IntMath Newsletter: Valentine’s, applets, maps
By Murray Bourne, 14 Feb 2019
14 Feb 2019
In this Newsletter:
0. Geometry of love
1. New on IntMath: 3 new interactives
2. Quirky measurements
3. Resources: Map projections
4. Math movies: Speed of light, puzzles
5. Math puzzle: Remainders
6. Final thought: Finding your soul mate
0. Geometry of love
Happy Valentine's, everyone! Here's a mathematical interpretation of the ubiquitous symbol of love.
Did you ever consider the geometry of the idealised heart shape used in countless Valentine's messages? It's just a square rotated 45°, connected to 2 semicircles.
1. New on IntMath
(a) Math Art in Code: Animated Moore Curve
This is an animation of the Moore Curve, an example of a space filling curve which consists of continuous (one-dimensional) fractal lines that bend around in ever more intricate ways such that they eventually fill a (2-dimensional) square.
This article from the journal Nature includes an interesting application of space-filling curves to energy storage devices:
(b) Degree and roots of polynomial equations
The concepts behind polynomial equations are quite important in mathematics, but a lot of students get bogged down in the algebra, while not seeing the big picture
I rewrote the opening section and have included an interactive graph, that helps explain the concepts.
The rest of that chapter introduces the Remainder and Factor Theorems, which I've always felt were rather useless, since only a very limited subset of polynomial equations can be solved using those techniques (the degree has to be low, and the numbers have to be "nice" so factoring is easy. But what about the huge number of cases where the numbers don't lead to easy factoring by inspection (or trial and error)?
Of course we should sove such cases using computers!
(c) Euler's Identity exploration
Leonhard Euler was a brilliant Swiss mathematician who made many contributions to the fileds of physics, astronomy and engineering.
His famous identity, eiπ + 1 = 0, has captivated people (since it neatly involves seven fundamental mathematical symbols) and proved to be very useful for simplifying many mathematical processses.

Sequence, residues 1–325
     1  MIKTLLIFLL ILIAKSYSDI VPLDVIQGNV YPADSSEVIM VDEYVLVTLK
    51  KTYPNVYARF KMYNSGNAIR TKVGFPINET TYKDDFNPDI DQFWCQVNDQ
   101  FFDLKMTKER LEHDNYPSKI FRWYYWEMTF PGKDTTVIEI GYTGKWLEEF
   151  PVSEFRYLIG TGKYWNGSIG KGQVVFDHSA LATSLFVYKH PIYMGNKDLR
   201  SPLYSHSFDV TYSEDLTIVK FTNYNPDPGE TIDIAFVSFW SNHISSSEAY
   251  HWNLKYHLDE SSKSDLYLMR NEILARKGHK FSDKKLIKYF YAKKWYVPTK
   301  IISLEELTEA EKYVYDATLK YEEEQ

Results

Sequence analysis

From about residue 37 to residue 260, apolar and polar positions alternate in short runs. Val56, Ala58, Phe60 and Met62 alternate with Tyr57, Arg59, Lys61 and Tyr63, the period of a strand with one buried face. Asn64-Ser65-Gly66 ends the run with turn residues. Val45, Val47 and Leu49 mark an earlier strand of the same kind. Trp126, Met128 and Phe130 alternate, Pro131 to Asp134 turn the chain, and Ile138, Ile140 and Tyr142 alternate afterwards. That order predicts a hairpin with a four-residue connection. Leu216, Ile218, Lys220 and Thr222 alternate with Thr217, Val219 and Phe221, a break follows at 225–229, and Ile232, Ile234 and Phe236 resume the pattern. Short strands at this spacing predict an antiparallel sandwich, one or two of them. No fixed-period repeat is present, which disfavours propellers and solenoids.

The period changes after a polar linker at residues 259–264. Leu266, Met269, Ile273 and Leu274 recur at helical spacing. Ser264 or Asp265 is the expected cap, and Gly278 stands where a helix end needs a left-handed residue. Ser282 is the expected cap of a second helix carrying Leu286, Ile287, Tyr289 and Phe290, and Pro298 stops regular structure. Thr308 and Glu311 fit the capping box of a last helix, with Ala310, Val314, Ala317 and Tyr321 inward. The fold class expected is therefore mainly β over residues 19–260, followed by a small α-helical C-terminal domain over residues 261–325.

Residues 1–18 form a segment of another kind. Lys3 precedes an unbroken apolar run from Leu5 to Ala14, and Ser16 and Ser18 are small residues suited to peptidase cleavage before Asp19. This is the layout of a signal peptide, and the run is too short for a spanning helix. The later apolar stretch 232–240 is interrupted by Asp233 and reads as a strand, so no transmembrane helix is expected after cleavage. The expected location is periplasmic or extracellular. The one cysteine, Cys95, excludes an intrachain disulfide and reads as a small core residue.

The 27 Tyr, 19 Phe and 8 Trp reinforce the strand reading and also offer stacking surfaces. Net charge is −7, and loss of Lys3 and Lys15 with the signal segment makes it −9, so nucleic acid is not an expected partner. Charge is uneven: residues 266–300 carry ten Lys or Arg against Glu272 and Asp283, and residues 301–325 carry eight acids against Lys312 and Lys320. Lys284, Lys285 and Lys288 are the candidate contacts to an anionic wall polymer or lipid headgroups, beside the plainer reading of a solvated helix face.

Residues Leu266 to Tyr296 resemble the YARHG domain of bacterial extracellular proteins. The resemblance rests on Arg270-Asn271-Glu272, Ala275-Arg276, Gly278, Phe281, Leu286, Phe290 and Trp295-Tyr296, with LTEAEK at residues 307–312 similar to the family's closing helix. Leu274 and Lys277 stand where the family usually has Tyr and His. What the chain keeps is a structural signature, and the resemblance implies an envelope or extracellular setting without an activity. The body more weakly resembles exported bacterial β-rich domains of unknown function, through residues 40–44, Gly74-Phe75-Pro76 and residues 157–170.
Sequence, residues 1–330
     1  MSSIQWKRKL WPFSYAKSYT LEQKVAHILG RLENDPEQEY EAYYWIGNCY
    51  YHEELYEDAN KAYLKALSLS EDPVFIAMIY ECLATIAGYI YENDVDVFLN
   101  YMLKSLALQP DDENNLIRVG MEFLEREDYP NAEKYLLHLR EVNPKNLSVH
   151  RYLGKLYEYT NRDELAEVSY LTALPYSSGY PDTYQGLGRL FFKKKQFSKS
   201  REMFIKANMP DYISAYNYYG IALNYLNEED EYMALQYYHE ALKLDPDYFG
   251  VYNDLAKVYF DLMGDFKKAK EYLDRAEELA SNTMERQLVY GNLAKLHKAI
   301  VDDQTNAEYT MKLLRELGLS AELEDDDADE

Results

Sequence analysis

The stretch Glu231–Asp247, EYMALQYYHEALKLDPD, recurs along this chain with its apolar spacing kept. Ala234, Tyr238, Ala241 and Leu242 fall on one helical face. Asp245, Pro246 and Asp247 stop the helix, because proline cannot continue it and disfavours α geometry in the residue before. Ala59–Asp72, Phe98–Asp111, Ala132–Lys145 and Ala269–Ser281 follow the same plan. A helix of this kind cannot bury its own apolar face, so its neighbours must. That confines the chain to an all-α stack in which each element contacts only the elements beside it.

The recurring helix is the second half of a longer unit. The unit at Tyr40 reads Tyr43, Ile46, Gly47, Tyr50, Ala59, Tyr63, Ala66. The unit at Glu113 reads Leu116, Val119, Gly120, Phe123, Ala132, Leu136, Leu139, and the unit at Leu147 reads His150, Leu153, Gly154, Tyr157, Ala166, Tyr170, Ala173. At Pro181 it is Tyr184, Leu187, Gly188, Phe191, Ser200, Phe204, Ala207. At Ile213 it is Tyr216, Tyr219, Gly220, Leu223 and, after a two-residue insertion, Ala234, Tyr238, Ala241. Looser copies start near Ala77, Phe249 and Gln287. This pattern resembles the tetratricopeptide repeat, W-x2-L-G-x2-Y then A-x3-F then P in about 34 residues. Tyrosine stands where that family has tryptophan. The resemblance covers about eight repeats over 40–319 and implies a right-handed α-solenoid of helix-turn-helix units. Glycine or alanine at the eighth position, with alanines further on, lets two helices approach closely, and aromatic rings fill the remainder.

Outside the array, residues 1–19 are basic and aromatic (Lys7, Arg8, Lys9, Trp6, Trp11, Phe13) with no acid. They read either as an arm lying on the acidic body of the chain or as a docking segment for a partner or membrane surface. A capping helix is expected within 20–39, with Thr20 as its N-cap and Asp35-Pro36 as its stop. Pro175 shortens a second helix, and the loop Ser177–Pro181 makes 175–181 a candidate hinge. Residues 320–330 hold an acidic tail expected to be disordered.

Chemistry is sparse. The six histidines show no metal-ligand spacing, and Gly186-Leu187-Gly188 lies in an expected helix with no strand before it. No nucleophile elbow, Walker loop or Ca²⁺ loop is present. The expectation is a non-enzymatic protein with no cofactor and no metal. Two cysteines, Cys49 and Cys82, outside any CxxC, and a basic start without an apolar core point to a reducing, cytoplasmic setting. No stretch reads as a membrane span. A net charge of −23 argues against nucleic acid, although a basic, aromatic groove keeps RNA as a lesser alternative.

This page allows you to explore the concepts behind the identity eiπ + 1 = 0. Drag the point around the circle until you achieve the identity.
THis page was a request from reader Owen.
2. Quirky measurements
Each of these seemingly informal measurements actually have a scientific component to them.
3. Resources - map projections
(a) Map Projections on the Web
Every 2D map of the world has some distortion, the inevitable result of trying to project a 3-D object onto a 2-D plane.
Some map types are better than others for preserving area, or shape, but none are prefect.
GeoViz Studio has some great tools for exploring different projections. See especially the third (final) interactive example where you can choose from around 100 different projections.
Go to: Map Projections on the Web
GeoViz Studio also provides some great interfaces for creating your own map projections. See: Get Started Creating D3 Maps
These could be good starting places for students who want to learn how to code, via interesting challenges.
(b) Dymaxion Buckminster Fuller map
Inventor, architect, designer and futurist Buckminster Fuller proposed the Dymaxion projection in 1943.
Many of his designs were based on the geodesic sphere, an imaginary tesellation of a sphere into triangular pieces.
His Dymaxion Map is a projection based on the above sphere (actually basesd on an icosahedron).
See also the results of a 2013 competition to re-invent Fuller's map:
4. Math Movies
(a) Speed of light
These 3 simple NASA animations show how slow the speed of light really is, when we consider astronomical scales. This article is from Business Insider:
(b) The joyful, perplexing world of puzzle hunts
This video reminds us the human brain is wired to solve problems, and we experience a rush when we are successful, especially if it was challenging.
One takeaway is we don't give students enough opportunity to create the problems in math class - they learn a lot by doing so!
5. Math puzzles
The puzzle in the last IntMath Newsletter asked "Who dies" in a scenario involving a rolling stone. Several conflicting answers were submitted. I added my own interpretation, which concludes D dies, but C may just have had a lucky day. Further comments are welcome!
New math puzzle: Remainders
Find the least two positive integers having the remainders 2, 3, 2 when divided by 3, 5, 7 respectively.
You can leave your response here.
6. Final thought - using math to find your soul mate?
Fewer people are meeting the love of their life in a "natural" way and are turning to apps to make connections for them. Algorithms continue to take over our lives and we all need to have a better understanding of the math behind such algorithms.
From Business Insider:
Until next time, enjoy whatever you learn.
Be the first to comment below.